The G.O.O.D. Plan

“The rich rules over the poor, and the borrower is the slave of the lender” (Proverbs 22:7, ESV).

“Owe nothing to anyone—except for your obligation to love one another. If you love your neighbor, you will fulfil the requirements of God’s law”
(Romans 13:8, NLT)

In my previous article, we talked about the first phase in the personal financial planning process: cashflow management. Now, we will be discussing the second phase, the “D” in the CD-RW process, which is debt management or what we call the “GOOD” plan, which stands for “Getting-Out-Of-Debt.” Nevertheless, remember what I have said before, it is not always necessary to totally eliminate all debts because there are certain debts that are truly indispensable or even good such as debts incurred for business capitalization purposes. What is more important is that debts are reduced to manageable levels.

Unfortunately however, most people, even lawyers, get into the bad kinds of debts, particularly, consumer debts. Consumer debt comes in many forms, the most popular one being credit card debt. Believe me, I’ve been guilty of that as well! For those who are employed, your firm may also offer cooperative loans if you are a member of one. Moreover, as you get older and more successful in your law practice, you will also probably get a car loan or a housing loan, especially when you get married. And yes, having a nice car can definitely help you get more and better clients as it gives them the perception that you are successful and worth your salt.

According to the Bangko Sentral ng Pilipinas (BSP), there are over six million credit cards issued in the Philippines. The BSP reported that the Philippine banking system had P130 billion in credit card receivables as of September 2009, 13% of which were non-performing. Take note, that was 6 years ago. What more today? The problem arises when credit cards and other kinds of consumer loan facilities are abused. Ideally, credit cards should only be used for emergency purposes but if it really can’t be helped, you must at least make sure to pay the whole amount when the bill arrives and not just the minimum required amount. Paying only the minimum just buries you deeper and deeper into debt.

To make things worse, banks make it easier and easier for just about anyone to get a credit card these days. One day, you will just be surprised to find a pre-approved credit card under your name right at your doorstep (or mailbox), if you haven’t already! Verily, unexpectedly receiving those precious little plastic cards will make you feel like you have just won the lottery. But beware, what appears to be a blessing might actually turn out to be a curse!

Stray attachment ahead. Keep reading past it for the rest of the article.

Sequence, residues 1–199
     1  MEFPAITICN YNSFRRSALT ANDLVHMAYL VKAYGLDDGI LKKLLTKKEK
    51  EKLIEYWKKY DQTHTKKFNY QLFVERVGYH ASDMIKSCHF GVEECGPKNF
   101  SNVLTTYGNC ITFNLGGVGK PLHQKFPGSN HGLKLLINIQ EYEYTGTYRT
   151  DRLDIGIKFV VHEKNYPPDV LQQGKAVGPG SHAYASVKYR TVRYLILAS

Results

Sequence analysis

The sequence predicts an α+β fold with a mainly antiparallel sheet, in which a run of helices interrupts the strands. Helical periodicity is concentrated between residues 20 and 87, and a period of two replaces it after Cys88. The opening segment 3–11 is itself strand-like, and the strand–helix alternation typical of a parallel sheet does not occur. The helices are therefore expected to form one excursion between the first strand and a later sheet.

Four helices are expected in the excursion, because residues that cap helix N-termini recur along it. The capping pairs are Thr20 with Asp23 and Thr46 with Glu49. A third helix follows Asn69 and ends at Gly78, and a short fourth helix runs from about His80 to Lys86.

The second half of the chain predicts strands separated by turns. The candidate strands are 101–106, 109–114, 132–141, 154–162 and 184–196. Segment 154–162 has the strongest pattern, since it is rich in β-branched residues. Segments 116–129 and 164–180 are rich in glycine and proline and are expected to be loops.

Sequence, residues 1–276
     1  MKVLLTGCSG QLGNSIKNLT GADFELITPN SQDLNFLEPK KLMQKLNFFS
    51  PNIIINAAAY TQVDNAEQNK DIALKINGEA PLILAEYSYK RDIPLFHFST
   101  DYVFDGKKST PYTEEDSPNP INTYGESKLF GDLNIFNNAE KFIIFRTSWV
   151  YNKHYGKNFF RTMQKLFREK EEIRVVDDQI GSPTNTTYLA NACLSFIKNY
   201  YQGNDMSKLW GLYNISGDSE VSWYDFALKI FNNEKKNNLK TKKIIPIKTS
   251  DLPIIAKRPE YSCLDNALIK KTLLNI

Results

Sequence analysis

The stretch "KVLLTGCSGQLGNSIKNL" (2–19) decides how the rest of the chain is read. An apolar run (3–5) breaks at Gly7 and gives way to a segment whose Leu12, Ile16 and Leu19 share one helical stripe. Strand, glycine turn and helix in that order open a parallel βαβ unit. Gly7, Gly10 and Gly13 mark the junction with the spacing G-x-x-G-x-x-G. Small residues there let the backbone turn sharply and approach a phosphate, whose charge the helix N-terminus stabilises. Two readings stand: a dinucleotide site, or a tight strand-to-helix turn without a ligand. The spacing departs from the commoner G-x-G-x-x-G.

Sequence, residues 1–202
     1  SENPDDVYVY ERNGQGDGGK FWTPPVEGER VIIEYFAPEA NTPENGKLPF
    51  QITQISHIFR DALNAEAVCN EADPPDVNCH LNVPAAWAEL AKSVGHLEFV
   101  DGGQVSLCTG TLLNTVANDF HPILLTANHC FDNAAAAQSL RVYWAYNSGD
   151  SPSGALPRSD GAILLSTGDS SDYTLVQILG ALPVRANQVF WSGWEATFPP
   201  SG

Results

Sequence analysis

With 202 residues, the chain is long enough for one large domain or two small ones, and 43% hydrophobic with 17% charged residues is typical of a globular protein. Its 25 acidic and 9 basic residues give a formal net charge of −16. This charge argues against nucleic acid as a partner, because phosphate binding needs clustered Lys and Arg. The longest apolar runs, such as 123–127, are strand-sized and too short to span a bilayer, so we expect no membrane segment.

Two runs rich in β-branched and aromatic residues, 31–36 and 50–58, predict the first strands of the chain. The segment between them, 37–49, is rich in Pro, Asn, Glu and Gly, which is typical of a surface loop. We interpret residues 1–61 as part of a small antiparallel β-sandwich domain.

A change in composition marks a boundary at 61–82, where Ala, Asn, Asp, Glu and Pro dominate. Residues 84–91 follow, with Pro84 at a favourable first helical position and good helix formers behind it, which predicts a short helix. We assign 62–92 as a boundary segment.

New York Times best-selling author, wealth coach, and radio host, Dave Ramsey, said, “Personal finance is 80% is behavior and 20% head knowledge.” Daniel Kahneman, in his best-selling psychology book, Thinking, Fast and Slow, proved through experimental exercises that the emotional mind is more powerful than the rational mind. In other words, skill, although indispensable, is only the tip of the iceberg. No matter how skillful a person is, if his behavior or habits are terrible, then all those technical knowledge and skills go out the window. As celebrity wealth coach Chinkee Tan puts it, “It’s all in the attitude, dude!” Although, such a thing is also true for all other endeavors, it is more so for personal finance.

Getting in debt is a lot easier than getting out of it. It is easier to borrow money than pay it back. Debt is like a quicksand that is constantly trying to pull you down. The more you struggle, the harder it is to get out. Likewise, if we refuse to give up some of the comforts in life and change our spending habits, we will sink deeper and deeper into debt. For things to change, we have to change. In his book, Debtermined, personal development and success coach, Jayson Lo, discussed a three-pronged solution brothers Chip and Dan Hearth came up with.

  • Direct the Rider
  • Motivate the Elephant
  • Shape the Path

The Rider represents the rational mind, the elephant, the emotional mind, and the Path is the direction a person wants or needs to go. The Rider holds the reins and seems to be the one in control, but the Rider’s control is unstable because he is so much smaller than the Elephant. The Rider and the Elephant need to come together and shape the Path by creating a detailed image of what the destination would look like once changes are made. Their book, Switch: How to Change Things When Change is Hard, calls it a “destination postcard.”

The tension arises, says Lo, when the Rider and the Elephant pull in different directions. Riders without Elephants produce understanding without motivation. Elephants without Riders produce passion without direction. Riders and Elephants without a clear path produce movement without progress.

According to my friend and internationally-renowned registered financial planner Randell Tiongson, author of No Nonsense Personal Finance, before we buy anything on credit, there are some things we must consider: First is purpose. What is the compelling reason why we need to borrow money? Don’t you have any other source of funds than credit? Is what you are planning to buy with the borrowed money a need or a want? If it is merely a want, wouldn’t it be better to just postpone the purchase until you have saved sufficient money for it? Avoid impulsive buying. There were a lot of times that I really felt that the thing that I wanted to buy was a need but after a good night’s sleep, I realized the following day that I can actually do fine without it.